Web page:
Title : Enantioselective transesterification by Candida antarctica Lipase B immobilized on fumed silica - Kramer_2010_J.Biotechnol_150_80
Author(s) : Kramer M , Cruz JC , Pfromm PH , Rezac ME , Czermak P
Ref : J Biotechnol , 150 :80 , 2010
Abstract : Enzymatic catalysis to produce molecules such as perfumes, flavors, and fragrances has the advantage of allowing the products to be labeled "natural" for marketing in the U.S., in addition to the exquisite selectivity and stereoselectivity of enzymes that can be an advantage over chemical catalysis. Enzymatic catalysis in organic solvents is attractive if solubility issues of reactants or products, or thermodynamic issues (water as a product in esterification) complicate or prevent aqueous enzymatic catalysis. Immobilization of the enzyme on a solid support can address the generally poor solubility of enzymes in most solvents. We have recently reported on a novel immobilization method for Candida antarctica Lipase B on fumed silica to improve the enzymatic activity in hexane. This research is extended here to study the enantioselective transesterification of (RS)-1-phenylethanol with vinyl acetate. The maximum catalytic activity for this preparation exceeded the activity (on an equal enzyme amount basis) of the commercial Novozyme 435((R)) significantly. The steady-state conversion for (R)-1-phenylethanol was about 75% as confirmed via forward and reverse reaction. The catalytic activity steeply increases with increasing nominal surface coverage of the support until a maximum is reached at a nominal surface coverage of 230%. We hypothesize that the physical state of the enzyme molecules at a low surface coverage is dominated in this case by detrimental strong enzyme-substrate interactions. Enzyme-enzyme interactions may stabilize the active form of the enzyme as surface coverage increases while diffusion limitations reduce the apparent catalytic performance again at multi-layer coverage. The temperature-, solvent-, and long-term stability for CALB/fumed silica preparations showed that these preparations can tolerate temperatures up to 70 degrees C, continuous exposure to solvents, and long-term storage.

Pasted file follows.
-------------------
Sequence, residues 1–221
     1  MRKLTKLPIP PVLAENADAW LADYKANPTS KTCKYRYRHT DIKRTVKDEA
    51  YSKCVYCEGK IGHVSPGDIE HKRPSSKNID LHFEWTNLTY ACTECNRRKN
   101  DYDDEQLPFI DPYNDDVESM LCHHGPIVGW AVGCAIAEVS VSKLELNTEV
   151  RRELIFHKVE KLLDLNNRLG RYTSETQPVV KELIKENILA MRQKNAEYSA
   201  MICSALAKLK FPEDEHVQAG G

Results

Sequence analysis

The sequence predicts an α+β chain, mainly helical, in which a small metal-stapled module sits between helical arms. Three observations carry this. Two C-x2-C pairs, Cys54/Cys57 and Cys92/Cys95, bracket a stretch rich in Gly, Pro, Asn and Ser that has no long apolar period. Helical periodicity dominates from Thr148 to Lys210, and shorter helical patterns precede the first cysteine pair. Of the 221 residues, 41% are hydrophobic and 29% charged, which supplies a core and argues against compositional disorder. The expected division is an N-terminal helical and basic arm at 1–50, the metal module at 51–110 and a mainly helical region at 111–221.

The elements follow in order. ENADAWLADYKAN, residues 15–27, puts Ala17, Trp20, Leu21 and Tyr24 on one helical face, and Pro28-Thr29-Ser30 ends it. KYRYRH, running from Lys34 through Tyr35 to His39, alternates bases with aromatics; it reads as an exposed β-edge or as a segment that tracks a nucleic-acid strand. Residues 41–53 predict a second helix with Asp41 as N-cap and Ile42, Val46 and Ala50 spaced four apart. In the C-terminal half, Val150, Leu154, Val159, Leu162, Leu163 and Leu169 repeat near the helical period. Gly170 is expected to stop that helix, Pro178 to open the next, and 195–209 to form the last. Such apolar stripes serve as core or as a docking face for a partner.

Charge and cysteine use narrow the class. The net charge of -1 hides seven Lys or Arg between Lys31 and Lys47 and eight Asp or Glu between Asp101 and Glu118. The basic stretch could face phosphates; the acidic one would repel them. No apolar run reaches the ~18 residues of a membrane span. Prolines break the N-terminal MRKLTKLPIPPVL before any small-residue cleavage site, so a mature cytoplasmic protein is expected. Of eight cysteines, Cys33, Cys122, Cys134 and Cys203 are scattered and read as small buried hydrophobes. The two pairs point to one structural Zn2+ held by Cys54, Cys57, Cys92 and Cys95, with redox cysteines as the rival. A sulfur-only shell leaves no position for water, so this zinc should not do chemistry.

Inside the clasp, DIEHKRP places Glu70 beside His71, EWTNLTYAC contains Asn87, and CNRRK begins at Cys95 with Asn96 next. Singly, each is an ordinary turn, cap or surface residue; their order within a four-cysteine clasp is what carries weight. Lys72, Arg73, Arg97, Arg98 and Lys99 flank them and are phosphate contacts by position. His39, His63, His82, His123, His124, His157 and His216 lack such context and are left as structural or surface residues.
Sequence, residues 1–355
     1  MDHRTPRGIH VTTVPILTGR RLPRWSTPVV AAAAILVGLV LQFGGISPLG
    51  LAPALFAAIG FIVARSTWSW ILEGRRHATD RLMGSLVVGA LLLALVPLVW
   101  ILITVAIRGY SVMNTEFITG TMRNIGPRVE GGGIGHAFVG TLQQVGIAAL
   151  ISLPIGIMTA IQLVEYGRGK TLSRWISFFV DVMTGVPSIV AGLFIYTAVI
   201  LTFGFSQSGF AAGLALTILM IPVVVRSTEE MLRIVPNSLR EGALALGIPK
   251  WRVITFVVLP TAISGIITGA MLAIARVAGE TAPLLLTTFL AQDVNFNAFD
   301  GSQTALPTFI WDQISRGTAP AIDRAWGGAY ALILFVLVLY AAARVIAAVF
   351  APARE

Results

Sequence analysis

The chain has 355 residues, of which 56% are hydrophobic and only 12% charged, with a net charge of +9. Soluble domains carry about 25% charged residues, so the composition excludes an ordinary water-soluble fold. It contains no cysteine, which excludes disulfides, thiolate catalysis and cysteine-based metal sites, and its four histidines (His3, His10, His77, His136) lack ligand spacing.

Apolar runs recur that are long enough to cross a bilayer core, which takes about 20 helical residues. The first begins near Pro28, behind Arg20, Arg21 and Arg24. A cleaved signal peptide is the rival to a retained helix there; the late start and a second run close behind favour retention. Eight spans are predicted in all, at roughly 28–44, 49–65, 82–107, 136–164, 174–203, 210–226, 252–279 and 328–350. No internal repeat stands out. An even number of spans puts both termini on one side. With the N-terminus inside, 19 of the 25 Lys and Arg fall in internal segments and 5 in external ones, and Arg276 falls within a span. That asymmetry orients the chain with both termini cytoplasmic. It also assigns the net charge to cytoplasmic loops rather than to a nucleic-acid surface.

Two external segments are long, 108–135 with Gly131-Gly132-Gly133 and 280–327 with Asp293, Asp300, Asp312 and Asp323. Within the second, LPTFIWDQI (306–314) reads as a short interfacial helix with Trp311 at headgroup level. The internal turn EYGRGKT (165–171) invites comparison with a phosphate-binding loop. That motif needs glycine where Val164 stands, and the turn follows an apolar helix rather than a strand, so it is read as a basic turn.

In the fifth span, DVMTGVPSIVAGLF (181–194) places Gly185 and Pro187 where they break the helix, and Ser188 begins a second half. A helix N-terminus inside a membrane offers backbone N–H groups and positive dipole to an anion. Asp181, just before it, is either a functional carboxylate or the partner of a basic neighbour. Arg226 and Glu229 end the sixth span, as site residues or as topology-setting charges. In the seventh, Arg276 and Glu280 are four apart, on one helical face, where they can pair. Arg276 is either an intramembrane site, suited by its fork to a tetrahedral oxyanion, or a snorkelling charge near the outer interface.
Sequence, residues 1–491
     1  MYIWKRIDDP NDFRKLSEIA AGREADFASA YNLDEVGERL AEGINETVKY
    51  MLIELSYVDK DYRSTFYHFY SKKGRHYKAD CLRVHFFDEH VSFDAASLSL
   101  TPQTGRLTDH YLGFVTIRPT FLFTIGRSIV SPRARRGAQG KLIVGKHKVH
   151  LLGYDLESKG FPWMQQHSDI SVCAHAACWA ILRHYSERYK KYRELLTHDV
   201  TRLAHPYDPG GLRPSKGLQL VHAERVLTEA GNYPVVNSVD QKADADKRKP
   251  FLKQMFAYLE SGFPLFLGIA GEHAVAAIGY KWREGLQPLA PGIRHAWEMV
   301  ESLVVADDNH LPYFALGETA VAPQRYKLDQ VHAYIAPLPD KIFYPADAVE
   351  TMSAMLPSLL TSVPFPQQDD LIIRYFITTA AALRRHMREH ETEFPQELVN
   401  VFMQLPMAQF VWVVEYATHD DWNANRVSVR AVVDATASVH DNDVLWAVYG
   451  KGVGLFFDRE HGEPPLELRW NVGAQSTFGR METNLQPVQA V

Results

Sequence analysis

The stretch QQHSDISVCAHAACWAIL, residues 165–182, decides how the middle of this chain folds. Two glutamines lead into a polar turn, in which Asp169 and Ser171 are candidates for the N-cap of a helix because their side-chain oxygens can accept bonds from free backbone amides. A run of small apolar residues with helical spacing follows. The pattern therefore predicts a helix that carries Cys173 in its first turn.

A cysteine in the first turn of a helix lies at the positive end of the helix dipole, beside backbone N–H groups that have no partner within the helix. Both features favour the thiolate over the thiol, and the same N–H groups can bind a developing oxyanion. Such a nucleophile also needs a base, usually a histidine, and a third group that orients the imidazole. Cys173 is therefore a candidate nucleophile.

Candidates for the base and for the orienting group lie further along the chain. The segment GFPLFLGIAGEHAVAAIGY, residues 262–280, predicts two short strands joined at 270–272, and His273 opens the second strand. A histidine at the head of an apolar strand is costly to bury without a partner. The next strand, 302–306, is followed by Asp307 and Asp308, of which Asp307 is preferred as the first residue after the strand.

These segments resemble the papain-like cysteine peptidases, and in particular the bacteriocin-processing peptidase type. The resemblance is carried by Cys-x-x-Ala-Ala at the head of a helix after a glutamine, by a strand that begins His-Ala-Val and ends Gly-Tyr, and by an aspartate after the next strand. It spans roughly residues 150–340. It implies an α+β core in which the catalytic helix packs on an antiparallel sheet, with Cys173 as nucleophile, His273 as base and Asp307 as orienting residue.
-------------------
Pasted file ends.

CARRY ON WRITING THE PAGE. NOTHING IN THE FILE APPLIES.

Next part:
ESTHER : Kramer_2010_J.Biotechnol_150_80
PubMedSearch : Kramer_2010_J.Biotechnol_150_80
PubMedID: 20670664

Title : The B73 maize genome: complexity, diversity, and dynamics - Schnable_2009_Science_326_1112